Over the past few years, the New York Knicks have had problems getting free agents to sign in the Big Apple, LeBron James, Kevin Durant, and Kyrie Irving just to name a few. However, in 1996, they almost pulled off what would have been the biggest free-agent signing in NBA history: Michael Jordan. Yes, Michael Jordan, the same man who tormented the franchise for years.
Here’s how the story played out.
Michael Jordan was vastly underpaid by the Chicago Bulls for years
While it’s easy to think that Michael Jordan was always the highest-paid player in the NBA in his prime, that was actually hardly ever the case. Ahead of the 1988-1989 season, Jordan signed an eight-year contract in Chicago worth roughly $25 million. Chicago Bulls owner Jerry Reinsdorf, known to be a frugal man, wasn’t ever one that liked to renegotiate contracts and rarely ever did. So when salaries began to escalate in the early 1990s, MJ’s contract seemed very outdated, especially given his worth to the franchise and the NBA as a whole.
But the Bulls weren’t budging. Reinsdorf did continue to pay Jordan when he first retired in 1993 and when MJ returned to the league in 1995, he was still under that same contract, which expired following the Bulls’ historic 72-10 run in the 1995-1996 campaign, which ended with Chicago’s fourth NBA title. Jordan made just $3.85 million that season but Reinsdorf knew that he was going to have to pay a little more with a new deal. He just didn’t realize how much more.
How the Knicks deal came together
During the 1996 playoffs, Michael Jordan and his agent, David Falk, had discussed the idea of an $18 million “balloon season” for 1996-1997. Why that number, you ask? Well, that’s because that’s about what New York Knicks center Patrick Ewing had gotten for the ’95-’96 season, the highest one-year salary in NBA history at the time. The Bulls knew that Jordan would likely want more than that and seemed to be prepared to go as high as $20 million to make up for all the years that Jordan had been underpaid in Chicago. However, Falk had something else in mind and put together a deal that would have drastically changed the course of the NBA.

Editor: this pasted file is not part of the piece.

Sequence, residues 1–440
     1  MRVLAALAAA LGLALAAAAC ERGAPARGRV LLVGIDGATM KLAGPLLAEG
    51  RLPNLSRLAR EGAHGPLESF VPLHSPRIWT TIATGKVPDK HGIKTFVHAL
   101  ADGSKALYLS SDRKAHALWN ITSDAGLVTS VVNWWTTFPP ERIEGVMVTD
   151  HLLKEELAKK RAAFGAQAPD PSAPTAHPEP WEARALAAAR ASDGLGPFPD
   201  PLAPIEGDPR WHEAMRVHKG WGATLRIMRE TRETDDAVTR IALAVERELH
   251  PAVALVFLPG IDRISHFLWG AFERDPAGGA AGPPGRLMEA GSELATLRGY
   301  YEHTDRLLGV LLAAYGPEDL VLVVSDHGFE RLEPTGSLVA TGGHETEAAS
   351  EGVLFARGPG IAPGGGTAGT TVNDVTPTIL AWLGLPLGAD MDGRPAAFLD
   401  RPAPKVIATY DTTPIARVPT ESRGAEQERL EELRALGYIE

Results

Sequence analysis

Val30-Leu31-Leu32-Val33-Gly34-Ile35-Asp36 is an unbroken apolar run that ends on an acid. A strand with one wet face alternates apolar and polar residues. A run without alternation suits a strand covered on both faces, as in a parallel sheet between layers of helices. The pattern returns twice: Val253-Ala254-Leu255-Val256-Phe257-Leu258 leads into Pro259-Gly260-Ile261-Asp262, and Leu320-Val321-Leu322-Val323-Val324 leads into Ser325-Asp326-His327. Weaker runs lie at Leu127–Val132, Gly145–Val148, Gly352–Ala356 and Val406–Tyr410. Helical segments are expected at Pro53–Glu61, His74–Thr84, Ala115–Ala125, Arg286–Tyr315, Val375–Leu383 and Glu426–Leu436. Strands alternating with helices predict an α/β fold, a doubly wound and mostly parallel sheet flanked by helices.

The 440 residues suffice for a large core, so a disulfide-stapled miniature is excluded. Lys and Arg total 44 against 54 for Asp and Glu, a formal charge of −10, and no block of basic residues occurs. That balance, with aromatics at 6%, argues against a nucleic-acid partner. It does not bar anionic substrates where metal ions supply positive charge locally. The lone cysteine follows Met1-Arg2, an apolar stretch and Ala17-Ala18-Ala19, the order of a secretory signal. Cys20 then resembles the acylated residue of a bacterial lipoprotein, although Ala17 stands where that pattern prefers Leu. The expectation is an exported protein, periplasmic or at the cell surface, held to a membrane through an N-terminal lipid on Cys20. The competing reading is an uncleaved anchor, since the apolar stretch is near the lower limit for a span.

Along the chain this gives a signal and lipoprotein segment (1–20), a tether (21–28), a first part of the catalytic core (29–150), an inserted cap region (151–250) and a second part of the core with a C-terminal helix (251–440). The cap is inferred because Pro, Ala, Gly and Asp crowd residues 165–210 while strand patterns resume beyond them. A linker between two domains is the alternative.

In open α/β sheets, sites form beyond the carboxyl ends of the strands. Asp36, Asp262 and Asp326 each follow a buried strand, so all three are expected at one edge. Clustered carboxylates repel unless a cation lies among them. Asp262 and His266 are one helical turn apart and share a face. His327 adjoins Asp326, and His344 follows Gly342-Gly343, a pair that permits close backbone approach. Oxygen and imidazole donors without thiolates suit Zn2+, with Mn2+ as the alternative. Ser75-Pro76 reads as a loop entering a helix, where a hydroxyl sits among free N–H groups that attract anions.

At that time, the Knicks were jointly owned by Cablevision, Inc., and ITT, who owned the chain of Sheraton Hotels, which became the key. Heading into the summer of 1996, New York had about $12 million in cap space and they were ready to offer all of it to Michael Jordan. However, knowing that wouldn’t be enough, Falk wanted to add an extra $15 million for Jordan to become a spokesperson for ITT-Sheraton. Normally, that’s seen as salary-cap avoidance and isn’t allowed. However, with Jordan being such a unique commercial presence, the NBA was actually set to allow the extra deal to be made without that money counting against the cap.
So a deal was put together worth $25 million for Michael Jordan to join the New York Knicks and it almost happened.
The Bulls had one hour to match the Knicks’ offer to Michael Jordan
While seemingly willing to go to $20 million, the Bulls thought that nobody could pay Michael Jordan more than $10-12 million given the cap rules. So Reinsdorf & Co. assumed that MJ would almost have to return to Chicago to get the money he was looking for. That led to a reported phone call from Falk to Reinsdorf that Sam Smith discussed in 1997 for the “Chicago Tribune.”
“Although neither side would reveal the exact wording, the message was clear: The Bulls had one hour, maybe the rest of the day, to beat a $25 million offer from the Knicks, or Michael Jordan was going to sign with New York.”Sam Smith of the “Chicago Tribune” on Michael Jordan nearly signing with the New York Knicks
There’s certainly the possibility that this was all one big bluff but Reinsdorf couldn’t take that chance and made Michael Jordan the highest-paid player in the history of American team sports with a $30.14 million contract for 1996-1997. As we all know, the Bulls went on to win two more titles before Jordan again retired in 1998.
But Michael Jordan and Patrick Ewing together on the New York Knicks is certainly an interesting thought, isn’t it? Ewing could never get past Jordan in the playoffs, losing five straight series to him. He won’t even watch The Last Dance because of what No. 23 did to him. Perhaps he could have gotten that elusive ring with Jordan by his side. But, as it’s always seemed to go, New York just couldn’t get their guy.